Mohegans, Or Mohicans, an Algonquin tribe, found by the Dutch holding both sides of the Hudson river for about 75 m. They received the Dutch amicably, and gave them lands on which they erected Fort Orange (Albany). They were then at war with the Mohawks, and erected a fort opposite the Dutch. The commandant of Fort Orange, Krieckebeck, accompanied them on an expedition against the Mohawks, hut was defeated and killed. In 1628 the Mohegans, attacked by the Mohawks, fled to the Connecticut river. A part of the nation had gone eastward some years before and settled on the Thames, where they were generally known as Pequots, of whom Sassacus was chief; but some of them who seceded under Tineas were called Mohegans. In the war of the English against the Pequots, these Mohegans aided the colonists. The Mohegans of the Hudson, or River Indians, gradually returned to that river. They kept up an occasional intercourse with the French from an early period through the Algonquin tribes in Canada, and are known in French annals as Loups or Wolves, that being the meaning of Mohegan. When the English about 1690 began the great struggle against the French, the Mohegans as a body made peace with the Mohawks, and joined the English with war parties.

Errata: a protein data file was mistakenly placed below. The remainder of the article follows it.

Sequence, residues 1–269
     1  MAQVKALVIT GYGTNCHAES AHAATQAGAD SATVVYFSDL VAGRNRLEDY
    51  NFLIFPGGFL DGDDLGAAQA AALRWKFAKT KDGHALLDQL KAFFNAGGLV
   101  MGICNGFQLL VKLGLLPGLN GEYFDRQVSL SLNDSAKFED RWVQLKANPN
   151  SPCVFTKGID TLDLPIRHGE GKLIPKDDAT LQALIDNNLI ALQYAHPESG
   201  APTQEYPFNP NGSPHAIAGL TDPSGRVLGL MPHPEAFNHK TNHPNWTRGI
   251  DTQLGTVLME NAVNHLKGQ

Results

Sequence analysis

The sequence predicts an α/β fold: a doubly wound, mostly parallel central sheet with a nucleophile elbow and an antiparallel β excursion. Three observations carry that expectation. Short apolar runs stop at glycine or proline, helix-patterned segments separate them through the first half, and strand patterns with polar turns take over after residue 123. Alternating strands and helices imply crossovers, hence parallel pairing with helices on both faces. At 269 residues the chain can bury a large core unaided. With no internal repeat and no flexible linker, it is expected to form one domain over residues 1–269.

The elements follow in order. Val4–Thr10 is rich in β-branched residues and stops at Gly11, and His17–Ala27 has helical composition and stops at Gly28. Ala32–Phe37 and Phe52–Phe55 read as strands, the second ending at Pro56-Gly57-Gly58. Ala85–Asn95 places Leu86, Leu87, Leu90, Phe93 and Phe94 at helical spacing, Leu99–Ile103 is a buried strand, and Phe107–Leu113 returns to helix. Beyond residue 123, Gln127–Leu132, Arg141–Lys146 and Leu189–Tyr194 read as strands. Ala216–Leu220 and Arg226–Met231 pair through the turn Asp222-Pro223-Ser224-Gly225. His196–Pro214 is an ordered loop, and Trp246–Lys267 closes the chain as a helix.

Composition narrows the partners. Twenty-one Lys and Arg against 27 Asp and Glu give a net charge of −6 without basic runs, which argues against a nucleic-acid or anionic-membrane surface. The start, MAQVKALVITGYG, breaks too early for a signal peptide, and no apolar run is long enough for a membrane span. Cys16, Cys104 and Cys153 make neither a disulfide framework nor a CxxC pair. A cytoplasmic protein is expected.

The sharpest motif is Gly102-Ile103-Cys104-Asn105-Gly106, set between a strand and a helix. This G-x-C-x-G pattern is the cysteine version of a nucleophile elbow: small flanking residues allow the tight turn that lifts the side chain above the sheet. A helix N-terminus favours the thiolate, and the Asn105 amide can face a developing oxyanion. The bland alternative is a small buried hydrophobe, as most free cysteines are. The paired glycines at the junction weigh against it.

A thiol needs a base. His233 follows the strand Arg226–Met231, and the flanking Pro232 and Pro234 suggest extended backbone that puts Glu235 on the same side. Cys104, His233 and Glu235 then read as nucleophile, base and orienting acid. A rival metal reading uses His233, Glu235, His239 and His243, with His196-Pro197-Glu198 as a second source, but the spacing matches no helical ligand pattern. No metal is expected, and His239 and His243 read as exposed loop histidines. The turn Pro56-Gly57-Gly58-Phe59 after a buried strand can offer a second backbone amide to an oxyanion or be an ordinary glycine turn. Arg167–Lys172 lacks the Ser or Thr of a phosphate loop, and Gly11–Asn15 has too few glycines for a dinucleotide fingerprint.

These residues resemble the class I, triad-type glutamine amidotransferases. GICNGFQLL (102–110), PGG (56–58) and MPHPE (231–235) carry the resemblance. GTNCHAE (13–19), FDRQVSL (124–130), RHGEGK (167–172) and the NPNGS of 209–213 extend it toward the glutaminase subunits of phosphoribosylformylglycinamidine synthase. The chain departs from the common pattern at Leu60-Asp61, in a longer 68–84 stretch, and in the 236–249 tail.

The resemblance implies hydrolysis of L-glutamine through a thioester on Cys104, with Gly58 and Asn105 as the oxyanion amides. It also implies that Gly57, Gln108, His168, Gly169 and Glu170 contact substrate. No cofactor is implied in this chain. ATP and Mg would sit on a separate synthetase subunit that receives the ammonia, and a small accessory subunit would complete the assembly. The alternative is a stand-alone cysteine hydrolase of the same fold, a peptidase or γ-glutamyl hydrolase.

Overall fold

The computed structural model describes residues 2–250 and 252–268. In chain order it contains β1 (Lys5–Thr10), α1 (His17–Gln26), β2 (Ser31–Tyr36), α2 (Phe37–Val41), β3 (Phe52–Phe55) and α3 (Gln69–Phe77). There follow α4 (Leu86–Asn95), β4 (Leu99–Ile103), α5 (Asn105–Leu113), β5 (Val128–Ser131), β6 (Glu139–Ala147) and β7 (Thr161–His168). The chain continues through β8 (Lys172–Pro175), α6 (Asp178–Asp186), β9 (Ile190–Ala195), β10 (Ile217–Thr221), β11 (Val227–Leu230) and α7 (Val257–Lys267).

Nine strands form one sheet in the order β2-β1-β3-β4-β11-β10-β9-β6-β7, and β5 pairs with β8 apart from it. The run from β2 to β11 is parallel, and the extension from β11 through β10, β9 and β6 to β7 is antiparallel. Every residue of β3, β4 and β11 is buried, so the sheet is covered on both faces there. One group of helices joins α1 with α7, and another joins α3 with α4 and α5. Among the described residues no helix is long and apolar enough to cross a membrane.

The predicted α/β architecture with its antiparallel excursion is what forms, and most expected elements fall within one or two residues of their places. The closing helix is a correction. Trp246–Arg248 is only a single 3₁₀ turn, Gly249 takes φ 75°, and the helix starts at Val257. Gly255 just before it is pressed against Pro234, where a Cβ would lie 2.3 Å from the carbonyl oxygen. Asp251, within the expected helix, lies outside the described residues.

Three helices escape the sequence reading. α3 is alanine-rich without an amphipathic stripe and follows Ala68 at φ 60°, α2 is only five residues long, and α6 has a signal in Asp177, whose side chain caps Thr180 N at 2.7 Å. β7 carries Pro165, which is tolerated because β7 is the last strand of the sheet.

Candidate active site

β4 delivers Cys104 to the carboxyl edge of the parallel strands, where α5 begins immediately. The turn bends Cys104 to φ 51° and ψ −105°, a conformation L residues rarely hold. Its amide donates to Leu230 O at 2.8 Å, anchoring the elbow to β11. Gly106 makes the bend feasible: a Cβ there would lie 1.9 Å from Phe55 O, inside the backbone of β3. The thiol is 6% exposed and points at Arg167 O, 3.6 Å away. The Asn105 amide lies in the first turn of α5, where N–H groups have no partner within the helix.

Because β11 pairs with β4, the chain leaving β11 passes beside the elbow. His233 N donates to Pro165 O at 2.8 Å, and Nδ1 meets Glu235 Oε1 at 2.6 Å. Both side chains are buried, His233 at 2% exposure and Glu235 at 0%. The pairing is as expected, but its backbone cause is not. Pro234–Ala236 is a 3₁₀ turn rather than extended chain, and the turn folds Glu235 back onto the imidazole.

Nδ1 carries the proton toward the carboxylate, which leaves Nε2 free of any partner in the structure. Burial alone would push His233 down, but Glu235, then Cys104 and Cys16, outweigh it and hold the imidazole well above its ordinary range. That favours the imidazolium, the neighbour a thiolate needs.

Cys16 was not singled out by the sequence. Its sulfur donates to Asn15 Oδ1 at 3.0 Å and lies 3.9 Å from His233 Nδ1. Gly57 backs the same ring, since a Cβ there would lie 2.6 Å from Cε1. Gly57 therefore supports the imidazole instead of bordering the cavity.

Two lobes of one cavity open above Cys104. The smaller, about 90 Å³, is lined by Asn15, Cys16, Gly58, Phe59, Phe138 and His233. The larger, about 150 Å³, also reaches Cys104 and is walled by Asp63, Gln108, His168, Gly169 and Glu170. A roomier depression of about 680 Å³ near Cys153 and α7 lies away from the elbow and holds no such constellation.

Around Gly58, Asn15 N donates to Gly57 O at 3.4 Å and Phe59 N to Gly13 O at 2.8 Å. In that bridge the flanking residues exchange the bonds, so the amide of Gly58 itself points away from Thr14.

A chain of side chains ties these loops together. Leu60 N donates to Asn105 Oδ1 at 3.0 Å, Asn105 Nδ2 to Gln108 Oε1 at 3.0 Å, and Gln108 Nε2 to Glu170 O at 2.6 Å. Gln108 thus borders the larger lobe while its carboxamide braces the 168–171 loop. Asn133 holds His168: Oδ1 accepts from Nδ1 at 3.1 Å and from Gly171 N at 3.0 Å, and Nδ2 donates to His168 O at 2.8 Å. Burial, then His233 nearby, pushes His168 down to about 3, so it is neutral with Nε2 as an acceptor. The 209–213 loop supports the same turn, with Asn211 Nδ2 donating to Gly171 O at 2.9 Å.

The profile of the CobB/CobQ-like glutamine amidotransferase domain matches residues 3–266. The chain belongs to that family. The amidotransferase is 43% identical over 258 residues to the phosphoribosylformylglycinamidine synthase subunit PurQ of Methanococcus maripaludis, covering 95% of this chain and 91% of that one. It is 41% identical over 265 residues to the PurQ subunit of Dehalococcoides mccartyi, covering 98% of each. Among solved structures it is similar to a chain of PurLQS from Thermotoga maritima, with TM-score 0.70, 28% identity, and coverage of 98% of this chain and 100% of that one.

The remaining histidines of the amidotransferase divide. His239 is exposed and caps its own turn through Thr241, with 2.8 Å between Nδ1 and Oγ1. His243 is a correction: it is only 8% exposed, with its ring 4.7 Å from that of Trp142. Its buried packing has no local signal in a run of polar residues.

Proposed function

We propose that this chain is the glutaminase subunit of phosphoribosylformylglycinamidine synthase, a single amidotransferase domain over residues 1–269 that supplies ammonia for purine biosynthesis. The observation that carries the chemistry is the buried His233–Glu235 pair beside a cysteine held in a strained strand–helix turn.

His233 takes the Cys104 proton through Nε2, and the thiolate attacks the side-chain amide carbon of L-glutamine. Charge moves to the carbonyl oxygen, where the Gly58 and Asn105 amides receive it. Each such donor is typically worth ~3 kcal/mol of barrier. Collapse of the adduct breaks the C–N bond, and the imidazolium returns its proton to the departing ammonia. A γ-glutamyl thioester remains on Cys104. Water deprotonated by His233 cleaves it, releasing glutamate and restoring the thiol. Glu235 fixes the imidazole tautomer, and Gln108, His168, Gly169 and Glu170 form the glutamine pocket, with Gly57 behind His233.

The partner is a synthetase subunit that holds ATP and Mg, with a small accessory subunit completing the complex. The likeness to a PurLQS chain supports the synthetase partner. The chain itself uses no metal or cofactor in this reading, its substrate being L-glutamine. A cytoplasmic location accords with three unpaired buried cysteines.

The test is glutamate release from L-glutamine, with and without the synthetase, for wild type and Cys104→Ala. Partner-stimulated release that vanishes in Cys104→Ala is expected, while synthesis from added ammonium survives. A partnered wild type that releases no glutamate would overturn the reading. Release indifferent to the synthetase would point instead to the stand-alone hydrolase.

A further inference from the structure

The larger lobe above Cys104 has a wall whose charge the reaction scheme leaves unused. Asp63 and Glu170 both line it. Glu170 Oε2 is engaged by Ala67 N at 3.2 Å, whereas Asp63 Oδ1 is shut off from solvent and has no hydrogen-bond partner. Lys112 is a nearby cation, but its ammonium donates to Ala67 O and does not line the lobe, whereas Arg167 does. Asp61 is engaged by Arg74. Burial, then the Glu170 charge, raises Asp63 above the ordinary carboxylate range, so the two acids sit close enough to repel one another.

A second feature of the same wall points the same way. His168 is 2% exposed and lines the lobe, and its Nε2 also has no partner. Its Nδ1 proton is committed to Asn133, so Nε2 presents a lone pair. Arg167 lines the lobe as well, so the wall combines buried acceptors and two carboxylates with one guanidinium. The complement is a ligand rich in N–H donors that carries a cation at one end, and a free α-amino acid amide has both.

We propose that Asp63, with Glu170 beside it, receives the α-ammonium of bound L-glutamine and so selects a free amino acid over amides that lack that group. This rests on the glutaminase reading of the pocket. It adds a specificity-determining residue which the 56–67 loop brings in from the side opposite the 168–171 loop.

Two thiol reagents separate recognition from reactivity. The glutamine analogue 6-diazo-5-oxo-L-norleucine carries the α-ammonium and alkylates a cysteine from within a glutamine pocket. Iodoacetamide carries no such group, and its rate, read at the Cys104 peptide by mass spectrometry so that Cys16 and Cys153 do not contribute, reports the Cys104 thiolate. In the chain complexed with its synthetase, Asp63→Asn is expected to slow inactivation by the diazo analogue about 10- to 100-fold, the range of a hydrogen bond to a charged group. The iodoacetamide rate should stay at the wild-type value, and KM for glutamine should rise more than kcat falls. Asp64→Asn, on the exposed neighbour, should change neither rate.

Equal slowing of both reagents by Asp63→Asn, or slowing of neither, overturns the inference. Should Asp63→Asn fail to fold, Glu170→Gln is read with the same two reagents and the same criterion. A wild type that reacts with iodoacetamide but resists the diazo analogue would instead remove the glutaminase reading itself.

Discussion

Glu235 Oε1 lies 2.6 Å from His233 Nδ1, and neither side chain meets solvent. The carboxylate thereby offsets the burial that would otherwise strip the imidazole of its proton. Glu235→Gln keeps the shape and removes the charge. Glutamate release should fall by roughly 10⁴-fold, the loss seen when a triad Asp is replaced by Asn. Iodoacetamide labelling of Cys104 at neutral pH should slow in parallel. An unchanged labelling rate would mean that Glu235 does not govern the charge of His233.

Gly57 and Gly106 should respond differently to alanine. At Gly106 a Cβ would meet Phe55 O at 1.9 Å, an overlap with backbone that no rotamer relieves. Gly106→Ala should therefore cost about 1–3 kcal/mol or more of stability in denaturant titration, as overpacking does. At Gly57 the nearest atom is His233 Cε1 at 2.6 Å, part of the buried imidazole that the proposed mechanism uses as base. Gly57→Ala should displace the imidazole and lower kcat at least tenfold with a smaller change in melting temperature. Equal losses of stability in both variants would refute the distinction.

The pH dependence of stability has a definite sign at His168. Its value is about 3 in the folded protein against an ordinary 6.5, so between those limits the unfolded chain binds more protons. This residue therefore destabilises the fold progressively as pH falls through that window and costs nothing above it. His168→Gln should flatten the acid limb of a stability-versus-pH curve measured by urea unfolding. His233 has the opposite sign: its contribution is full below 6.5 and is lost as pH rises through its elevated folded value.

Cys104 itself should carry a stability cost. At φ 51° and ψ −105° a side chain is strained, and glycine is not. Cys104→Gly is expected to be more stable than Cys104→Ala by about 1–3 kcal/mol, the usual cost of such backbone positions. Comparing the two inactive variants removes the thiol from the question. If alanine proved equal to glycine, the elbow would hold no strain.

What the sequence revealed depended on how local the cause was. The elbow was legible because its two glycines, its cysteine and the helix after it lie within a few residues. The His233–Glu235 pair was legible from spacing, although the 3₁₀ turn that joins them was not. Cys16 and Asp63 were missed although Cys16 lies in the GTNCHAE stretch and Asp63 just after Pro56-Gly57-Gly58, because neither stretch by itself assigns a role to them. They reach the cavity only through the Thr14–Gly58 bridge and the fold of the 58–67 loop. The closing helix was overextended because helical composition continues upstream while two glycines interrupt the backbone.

By 1700 they were reduced to 200 warriors, and the Connecticut Mohegans to 150, 100 of whom were in the service of the colony. In 1736 Sargcant collected some of the latter at Stockbridge, and from 1740 to 1744 the Moravians maintained a Mohegan mission at Shekomcko, in Dutchess co., N. Y., which led some of the Mohegans to remove to the Susquehanna, where they became a distinct element in the Moravian towns. During the revolution the Mohegans joined the Americans, and figured at Bunker Hill, White Plains, and Barren Hill. After the war Samson Occum, an educated Mohegan clergyman, and David Fowler gathered several Indians, chiefly Mohegan and Long Island Indians, who emigrated to Oneida in 1788, and became known as the Brotherton Indians. Those who remained in Connecticut had dwindled in 1842 to 60 or 70. Between 1820 and 1830 the Stockbridge Indians emigrated from Oneida to Green hay; the Brotherton Indians also removed to Wisconsin, where they finally abandoned their tribal relation, and in 1839 became citizens, as did many of the Stockbridges. The remainder of the latter band of Mohegans are with some Munsees on a reservation at Red Springs, numbering about 100. They have almost entirely given up their own language for English. For their language see "Observations on the Language of the Muhhekancew Indians," by Jonathan Edwards (New Haven, 1788).